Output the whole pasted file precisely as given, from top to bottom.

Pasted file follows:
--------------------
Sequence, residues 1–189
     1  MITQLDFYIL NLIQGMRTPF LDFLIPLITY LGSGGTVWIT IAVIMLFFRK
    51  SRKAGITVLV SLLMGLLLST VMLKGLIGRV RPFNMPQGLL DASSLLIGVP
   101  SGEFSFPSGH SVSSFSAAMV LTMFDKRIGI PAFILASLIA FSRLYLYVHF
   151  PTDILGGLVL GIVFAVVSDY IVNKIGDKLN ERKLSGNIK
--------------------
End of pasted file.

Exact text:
Sequence, residues 1–189
     1  MITQLDFYIL NLIQGMRTPF LDFLIPLITY LGSGGTVWIT IAVIMLFFRK
    51  SRKAGITVLV SLLMGLLLST VMLKGLIGRV RPFNMPQGLL DASSLLIGVP
   101  SGEFSFPSGH SVSSFSAAMV LTMFDKRIGI PAFILASLIA FSRLYLYVHF
   151  PTDILGGLVL GIVFAVVSDY IVNKIGDKLN ERKLSGNIK